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Realtime Stock Quotes into Excel using .NET

By Mike Gold on Sep 03, 2001
I may seem a little Bullish on .NET, but I was able to create this application fairly quickly in C#.
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I may seem a little Bullish on .NET, but I was able to create this application fairly quickly in C# thanks to the rich library and ease of connecting to COM applications like Excel.  Those of you who are Visual C++ programmers will be greatly relieved that it is finally as easy as using Visual Basic to talk to the COM interfaces of applications and ActiveX controls in C#.  This article is based upon the code and article written by Dipal Choksi.  You may want to refer to this article to see how the stock quotes are captured from the web. I've added the port of the quotes to Excel as well as a timer that retrieves the quotes every 10 seconds.  You can change this interval to whatever time you wish by changing the Interval property in timer1.

Below is the code that initializes the Excel Application Object so you can use it like any other class:

First I had to import the Excel library. This can either be done by adding a reference or adding the statement below:

using Excel;

I then added the code to instantiate an Excel Application object:

private Excel.Application ExcelObj = new Excel.Application();

Next we need to show Excel as a visible object and add a workbook to populate:

ExcelObj.Visible = true;

Now we are ready to use Excel to display our stock quotes.  Each time the timer tick event is entered we print out a stock quote to the spreadsheet  (Note:  Alot of the codein this method  is taken from the article by Dipal Choksi :

private void timer1_Tick(object sender, System.EventArgs e)
string strQuotes;
int i;
strQuotes = "";
// Retrieve the stock information from the web site
string strResult = GetQuoteFromWebSite(strQuoteArray[i]);
string[] temp = strResult.Split(separator) ;
//Check if the string array returned has more than one elements
//since if there are less than one elements then a exception must have been returned
if(temp.Length >1)
//The WebService returns a lot of information about the stock,
//We only show the relevant portions .
WriteExcelQuote(i, strQuoteArray[i], temp[1]);
strerror ="Error :"+ strResult ;
//set the error label
strQuotes = strQuotes + strerror + System.Environment.NewLine;
Counter ++;

The routine below takes the stock quote and the stock name and populates the excel spreadsheet. 

private void WriteExcelQuote(int index, string symbol, string quote)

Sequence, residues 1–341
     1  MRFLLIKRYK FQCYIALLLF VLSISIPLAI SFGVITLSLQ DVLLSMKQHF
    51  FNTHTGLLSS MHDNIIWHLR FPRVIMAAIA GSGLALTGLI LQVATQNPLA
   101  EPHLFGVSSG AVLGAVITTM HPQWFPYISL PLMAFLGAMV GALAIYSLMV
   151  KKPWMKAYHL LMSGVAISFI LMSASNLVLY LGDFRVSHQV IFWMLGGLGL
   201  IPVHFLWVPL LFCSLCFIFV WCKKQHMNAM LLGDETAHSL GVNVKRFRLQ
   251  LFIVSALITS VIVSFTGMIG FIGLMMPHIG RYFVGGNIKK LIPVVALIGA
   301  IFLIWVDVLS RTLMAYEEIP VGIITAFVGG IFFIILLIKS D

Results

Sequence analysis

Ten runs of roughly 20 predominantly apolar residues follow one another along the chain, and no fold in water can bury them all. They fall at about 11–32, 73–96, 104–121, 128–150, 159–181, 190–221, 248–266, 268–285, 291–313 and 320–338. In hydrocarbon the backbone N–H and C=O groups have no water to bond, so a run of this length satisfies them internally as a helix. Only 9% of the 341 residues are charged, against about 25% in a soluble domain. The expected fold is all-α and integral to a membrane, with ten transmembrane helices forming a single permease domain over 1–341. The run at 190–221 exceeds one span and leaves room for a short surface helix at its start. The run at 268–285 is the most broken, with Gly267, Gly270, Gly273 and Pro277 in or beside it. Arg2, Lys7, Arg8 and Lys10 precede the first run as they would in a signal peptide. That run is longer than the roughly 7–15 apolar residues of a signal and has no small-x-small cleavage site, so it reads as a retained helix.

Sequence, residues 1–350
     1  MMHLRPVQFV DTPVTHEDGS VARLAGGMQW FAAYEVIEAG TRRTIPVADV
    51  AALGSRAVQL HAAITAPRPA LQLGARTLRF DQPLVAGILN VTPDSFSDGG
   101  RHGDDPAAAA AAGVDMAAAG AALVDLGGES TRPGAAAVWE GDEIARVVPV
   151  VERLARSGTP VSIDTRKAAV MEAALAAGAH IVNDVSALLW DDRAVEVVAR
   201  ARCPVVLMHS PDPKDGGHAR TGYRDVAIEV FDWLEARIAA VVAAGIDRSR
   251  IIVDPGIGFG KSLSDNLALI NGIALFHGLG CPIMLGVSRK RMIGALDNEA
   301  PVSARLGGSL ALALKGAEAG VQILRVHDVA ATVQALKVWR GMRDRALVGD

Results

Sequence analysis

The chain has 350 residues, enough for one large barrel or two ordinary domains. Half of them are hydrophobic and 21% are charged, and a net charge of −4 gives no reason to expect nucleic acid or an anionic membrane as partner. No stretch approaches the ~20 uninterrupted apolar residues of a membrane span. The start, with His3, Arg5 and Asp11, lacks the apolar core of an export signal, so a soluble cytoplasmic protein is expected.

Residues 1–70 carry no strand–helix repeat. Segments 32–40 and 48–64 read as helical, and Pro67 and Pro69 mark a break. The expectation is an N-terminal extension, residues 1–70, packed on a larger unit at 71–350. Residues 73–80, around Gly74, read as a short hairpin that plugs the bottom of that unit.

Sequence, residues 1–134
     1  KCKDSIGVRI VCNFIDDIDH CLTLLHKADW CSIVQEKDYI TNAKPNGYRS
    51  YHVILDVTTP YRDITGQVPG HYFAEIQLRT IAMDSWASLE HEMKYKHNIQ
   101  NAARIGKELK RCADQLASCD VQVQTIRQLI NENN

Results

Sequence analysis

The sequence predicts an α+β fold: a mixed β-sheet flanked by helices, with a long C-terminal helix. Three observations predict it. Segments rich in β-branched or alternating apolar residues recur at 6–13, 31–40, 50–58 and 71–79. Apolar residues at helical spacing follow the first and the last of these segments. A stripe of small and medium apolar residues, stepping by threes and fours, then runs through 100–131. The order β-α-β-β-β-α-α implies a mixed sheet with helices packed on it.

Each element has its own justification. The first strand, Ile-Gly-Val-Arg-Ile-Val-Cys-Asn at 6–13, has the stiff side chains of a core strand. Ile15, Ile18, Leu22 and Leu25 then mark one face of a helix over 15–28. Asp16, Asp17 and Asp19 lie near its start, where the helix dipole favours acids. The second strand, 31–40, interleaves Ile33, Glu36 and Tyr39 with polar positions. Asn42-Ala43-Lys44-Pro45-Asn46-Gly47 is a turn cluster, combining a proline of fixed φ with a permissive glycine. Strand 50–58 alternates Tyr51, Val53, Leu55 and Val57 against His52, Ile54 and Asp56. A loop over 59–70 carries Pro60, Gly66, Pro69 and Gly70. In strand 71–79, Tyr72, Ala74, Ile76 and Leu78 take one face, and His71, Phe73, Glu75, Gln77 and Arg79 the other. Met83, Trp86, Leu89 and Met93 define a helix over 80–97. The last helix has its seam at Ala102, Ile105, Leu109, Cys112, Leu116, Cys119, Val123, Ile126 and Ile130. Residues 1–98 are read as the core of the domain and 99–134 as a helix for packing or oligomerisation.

Workbooks workbooks = ExcelObj.Workbooks;
// get the workbook from the existing spreadsheet
_Workbook workbook = workbooks.get_Item(1);
// get the collection of sheets in the workbook
Sheets sheets = workbook.Worksheets;
// get the first and only worksheet from the collection
// of worksheets
_Worksheet worksheet = (_Worksheet) sheets.get_Item(1);
// form a range with a single cell based on the index of the quote
// and the Incremented Counter.
char rangeChar = (char)(index + 65);
string strCell = rangeChar + Convert.ToString(Counter);
Range range2 = worksheet.get_Range(strCell, strCell);
// if its the first quote, populate the cell with the symbol
// otherwise populate the cell with the quote for the symbol
if (Counter == 1)
range2.Value = symbol;
range2.Value = quote;

Note there is not much code here.  The hardest part about populating an Excel Cell is forming the letter-number combination to put the quote in the correct row and column.  The index is converted to a letter (A - Z) and is concatenated with the ongoing Counter incremented each time in the timer event.  The cell names come out to Row Column representations such as "A4" (row 4, column 1)  or "B5" (row 5. column 2).  This letter number combination uses the get_Range function in the worksheet to obtain a range to populate.  In our case we are getting a range for a single cell (e.g.  "A1" to "A1"). This code could be altered to populate an array of cells by getting a larger range, if for some reason you need to populate the cells alot faster for a large range of quotes.


Once you've populated an excel spreadsheet there are many things you can do with it.  For example you can create a graph or write some more C# code to analyze your data or even populate a database.  Hope this lesson gives you another way to think about your portfolio and sparks some possibilities for organizing your trading with .NET.

Mike Gold

Michael Gold is President of Microgold Software Inc., makers of the WithClass UML Tool. His company is a Microsoft VBA Partner and Borland Partner. Mike is a Microsoft MVP and founding member of C# Corner. He has a BSEE ... Read more


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